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Over a month ago I wrote about the $1.3 billion Education Trust Fund (ETF) supplemental appropriation bill being considered by the Alabama House of Representatives. It was a bad bill then, but now the Alabama Senate has gone and made it even worse.
Taxpayers shouldn’t stand for it.
House Bill 138 took nearly all the education budget’s $1.3 billion revenue surplus, extra money taxed from citizens, and put it back into 2022 spending. Over half of the surplus was allocated towards one-time capital and technology projects. Even if you support using taxpayer money for that, a large portion of those projects could be completed with federal stimulus dollars already received by the state.
Lawmakers passed the ETF supplemental appropriation 98-2, nearly unanimously declaring that the government is more valuable than the people it is supposed to serve.
In passing the supplemental bill, the House all but guaranteed that there would be no tax relief for citizens, no relief from record-high gas prices and inflation, and no chance of meaningful school choice legislation passing this session. At best, the bill showed that lawmakers are completely tone-deaf to the limited government principles that many Alabamians support. At worst it was a blatant betrayal of Alabama taxpayers.
However, the bill did have at least one fiscally responsible provision when House Ways and Means Education Committee Chairman Danny Garrett (R-Trussville) presented it. Specifically, Garrett’s version of the bill set aside $200 million to pay off a portion of the ETF’s existing debt.
Not a huge victory for taxpayers in the scope of a $1.3 billion bill, but at least it was something positive in an otherwise terrible example of government overreach.
But now even that small victory is gone. Last week the Senate passed a revised version of the ETF supplemental bill. While the total price tag remains the same, that $200 million that would have gone towards debt repayment is gone.
It appears that Senate Finance and Taxation Education Chairman Arthur Orr (R-Decatur) wasn’t satisfied with only spending $1.1 billion of your money and using the rest to repay debt. He wanted more.
You’re probably wondering, what is the extra $200 million in spending going towards? It’s going towards more limited scope projects from which most Alabamians will never directly benefit.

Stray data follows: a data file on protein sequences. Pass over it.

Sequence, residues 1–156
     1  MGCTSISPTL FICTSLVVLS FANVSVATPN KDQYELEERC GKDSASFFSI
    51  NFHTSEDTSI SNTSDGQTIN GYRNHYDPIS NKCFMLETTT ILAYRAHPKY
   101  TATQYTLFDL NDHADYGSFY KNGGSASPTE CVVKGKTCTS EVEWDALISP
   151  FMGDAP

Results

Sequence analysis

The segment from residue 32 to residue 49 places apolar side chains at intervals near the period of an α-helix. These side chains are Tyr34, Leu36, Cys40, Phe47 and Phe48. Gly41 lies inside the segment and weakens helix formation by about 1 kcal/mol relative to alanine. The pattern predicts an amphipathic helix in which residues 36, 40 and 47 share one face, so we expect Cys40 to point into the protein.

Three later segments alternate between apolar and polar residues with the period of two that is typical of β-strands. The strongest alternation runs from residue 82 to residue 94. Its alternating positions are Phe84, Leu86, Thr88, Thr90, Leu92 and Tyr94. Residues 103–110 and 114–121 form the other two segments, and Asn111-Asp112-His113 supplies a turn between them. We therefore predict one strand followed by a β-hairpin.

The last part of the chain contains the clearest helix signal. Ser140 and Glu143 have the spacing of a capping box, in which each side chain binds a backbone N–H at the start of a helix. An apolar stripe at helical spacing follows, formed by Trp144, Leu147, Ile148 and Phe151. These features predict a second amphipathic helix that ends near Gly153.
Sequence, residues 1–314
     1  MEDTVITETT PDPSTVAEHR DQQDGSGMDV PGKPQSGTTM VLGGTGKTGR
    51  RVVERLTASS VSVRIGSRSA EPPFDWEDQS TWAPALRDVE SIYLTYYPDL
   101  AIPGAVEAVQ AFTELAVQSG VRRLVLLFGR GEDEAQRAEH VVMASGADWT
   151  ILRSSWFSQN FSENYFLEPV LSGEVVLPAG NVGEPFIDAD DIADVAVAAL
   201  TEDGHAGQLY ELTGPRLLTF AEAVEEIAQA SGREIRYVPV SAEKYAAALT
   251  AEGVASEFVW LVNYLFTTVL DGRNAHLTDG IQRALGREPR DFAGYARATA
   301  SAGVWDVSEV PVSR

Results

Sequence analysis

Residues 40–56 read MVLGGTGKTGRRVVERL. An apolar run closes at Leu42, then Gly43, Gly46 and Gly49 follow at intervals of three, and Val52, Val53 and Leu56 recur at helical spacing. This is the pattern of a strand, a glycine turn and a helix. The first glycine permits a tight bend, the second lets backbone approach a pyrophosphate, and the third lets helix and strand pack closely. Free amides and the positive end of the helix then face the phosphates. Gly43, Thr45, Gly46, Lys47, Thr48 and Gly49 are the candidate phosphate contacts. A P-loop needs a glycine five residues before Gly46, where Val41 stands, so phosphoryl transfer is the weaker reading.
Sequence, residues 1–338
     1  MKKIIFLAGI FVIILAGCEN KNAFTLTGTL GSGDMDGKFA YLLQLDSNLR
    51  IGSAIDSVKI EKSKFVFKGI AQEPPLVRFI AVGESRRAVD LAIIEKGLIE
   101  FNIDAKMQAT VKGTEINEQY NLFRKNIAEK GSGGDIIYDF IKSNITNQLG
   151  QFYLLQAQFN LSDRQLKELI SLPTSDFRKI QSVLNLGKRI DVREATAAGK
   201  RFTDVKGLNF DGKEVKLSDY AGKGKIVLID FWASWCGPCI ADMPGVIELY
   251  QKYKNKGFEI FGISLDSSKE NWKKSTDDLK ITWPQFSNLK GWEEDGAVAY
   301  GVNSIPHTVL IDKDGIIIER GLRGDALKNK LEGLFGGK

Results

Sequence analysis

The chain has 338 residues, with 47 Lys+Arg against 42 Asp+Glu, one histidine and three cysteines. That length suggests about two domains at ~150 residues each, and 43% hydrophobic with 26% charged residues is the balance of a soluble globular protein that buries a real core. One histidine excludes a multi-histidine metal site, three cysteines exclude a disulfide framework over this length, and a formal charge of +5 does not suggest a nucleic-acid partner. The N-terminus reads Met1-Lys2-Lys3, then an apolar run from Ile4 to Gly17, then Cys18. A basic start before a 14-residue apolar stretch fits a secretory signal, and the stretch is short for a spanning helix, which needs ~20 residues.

Orr’s revised bill would send over $104 million more to the ETF’s Advancement and Technology Fund, bringing total funding for one-time school construction and technology projects to almost $757 million this year. Again, some Alabamians may support additional funding for capital projects, but why use taxpayer money when many of these projects could likely be funded through the $4.5 billion in federal education stimulus payments already received by the state?
An extra $13 million would go towards the ETF budget stabilization fund, which is designed to protect the budget against future economic downturns. While this may seem like a prudent use of money, why is the legislature spending all the $1.3 billion surplus if lawmakers think there is a risk of a downturn in the near future?
Orr’s bill also includes a $15 million increase ($45 million total) for the Southern Research Institute, which will go towards construction of a new facility for the non-profit organization, as well as $15 million more ($18 million total) for an engineering building project at the University of Alabama Huntsville.
Much of the remaining money would be doled out for building projects at universities, historical commissions and studio renovations at the Educational Television Commission, among others. One of the few bright spots is a meager $2.9 million allocation that would help with start-up costs of public charter schools.
Regardless of how the money will be spent, the overarching theme remains the same. The Alabama legislature is taking $1.3 billion of extra money that was taxed from citizens and is putting all of it back into government. One of the few good things about Rep. Garrett’s bill, $200 million in state debt reduction, is gone, replaced by more spending that will in no way provide the immediate economic relief that so many Alabamians need.
It is up to the House to reject the Senate changes to House Bill 138. Don’t make a bad bill even worse.
Justin Bogie serves as Senior Director of Fiscal Policy at the Alabama Policy Institute. The views and opinions expressed here are those of the author and do not necessarily reflect the policy or position of 1819 News. To comment, please send an email with your name and contact information to: Commentary@1819News.com.